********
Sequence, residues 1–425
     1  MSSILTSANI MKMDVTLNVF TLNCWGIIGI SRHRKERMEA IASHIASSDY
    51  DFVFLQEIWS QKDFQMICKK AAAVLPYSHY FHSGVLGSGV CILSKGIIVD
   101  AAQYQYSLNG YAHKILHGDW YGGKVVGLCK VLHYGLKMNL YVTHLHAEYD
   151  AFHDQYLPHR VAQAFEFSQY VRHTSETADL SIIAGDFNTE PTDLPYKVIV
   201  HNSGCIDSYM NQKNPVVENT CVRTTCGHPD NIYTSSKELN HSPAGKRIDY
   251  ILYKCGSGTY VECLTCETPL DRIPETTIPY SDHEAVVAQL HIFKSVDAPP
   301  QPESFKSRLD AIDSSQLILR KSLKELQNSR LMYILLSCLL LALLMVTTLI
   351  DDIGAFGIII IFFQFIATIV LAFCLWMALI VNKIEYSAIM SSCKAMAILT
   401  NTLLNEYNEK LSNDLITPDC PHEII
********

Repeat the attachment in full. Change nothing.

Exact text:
Sequence, residues 1–425
     1  MSSILTSANI MKMDVTLNVF TLNCWGIIGI SRHRKERMEA IASHIASSDY
    51  DFVFLQEIWS QKDFQMICKK AAAVLPYSHY FHSGVLGSGV CILSKGIIVD
   101  AAQYQYSLNG YAHKILHGDW YGGKVVGLCK VLHYGLKMNL YVTHLHAEYD
   151  AFHDQYLPHR VAQAFEFSQY VRHTSETADL SIIAGDFNTE PTDLPYKVIV
   201  HNSGCIDSYM NQKNPVVENT CVRTTCGHPD NIYTSSKELN HSPAGKRIDY
   251  ILYKCGSGTY VECLTCETPL DRIPETTIPY SDHEAVVAQL HIFKSVDAPP
   301  QPESFKSRLD AIDSSQLILR KSLKELQNSR LMYILLSCLL LALLMVTTLI
   351  DDIGAFGIII IFFQFIATIV LAFCLWMALI VNKIEYSAIM SSCKAMAILT
   401  NTLLNEYNEK LSNDLITPDC PHEII